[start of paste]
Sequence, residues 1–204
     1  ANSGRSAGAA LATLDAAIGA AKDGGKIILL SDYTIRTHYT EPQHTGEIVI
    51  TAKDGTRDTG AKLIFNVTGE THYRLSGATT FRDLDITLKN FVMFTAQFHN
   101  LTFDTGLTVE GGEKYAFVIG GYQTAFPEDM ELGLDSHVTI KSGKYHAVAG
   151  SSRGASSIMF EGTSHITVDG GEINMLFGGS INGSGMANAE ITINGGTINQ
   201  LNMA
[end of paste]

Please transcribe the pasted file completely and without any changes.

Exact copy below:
Sequence, residues 1–204
     1  ANSGRSAGAA LATLDAAIGA AKDGGKIILL SDYTIRTHYT EPQHTGEIVI
    51  TAKDGTRDTG AKLIFNVTGE THYRLSGATT FRDLDITLKN FVMFTAQFHN
   101  LTFDTGLTVE GGEKYAFVIG GYQTAFPEDM ELGLDSHVTI KSGKYHAVAG
   151  SSRGASSIMF EGTSHITVDG GEINMLFGGS INGSGMANAE ITINGGTINQ
   201  LNMA